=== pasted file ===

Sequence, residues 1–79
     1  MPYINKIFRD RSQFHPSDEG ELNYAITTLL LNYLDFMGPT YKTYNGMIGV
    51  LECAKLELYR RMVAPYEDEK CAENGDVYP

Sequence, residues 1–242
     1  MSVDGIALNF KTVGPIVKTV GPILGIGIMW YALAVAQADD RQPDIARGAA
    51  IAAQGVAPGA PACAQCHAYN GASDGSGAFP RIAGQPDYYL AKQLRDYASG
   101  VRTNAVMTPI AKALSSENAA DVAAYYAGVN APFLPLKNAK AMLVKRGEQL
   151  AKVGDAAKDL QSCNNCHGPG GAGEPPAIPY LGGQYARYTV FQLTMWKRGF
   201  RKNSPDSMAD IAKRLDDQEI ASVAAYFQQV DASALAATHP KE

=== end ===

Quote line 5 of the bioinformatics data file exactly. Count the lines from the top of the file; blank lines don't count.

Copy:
     1  MSVDGIALNF KTVGPIVKTV GPILGIGIMW YALAVAQADD RQPDIARGAA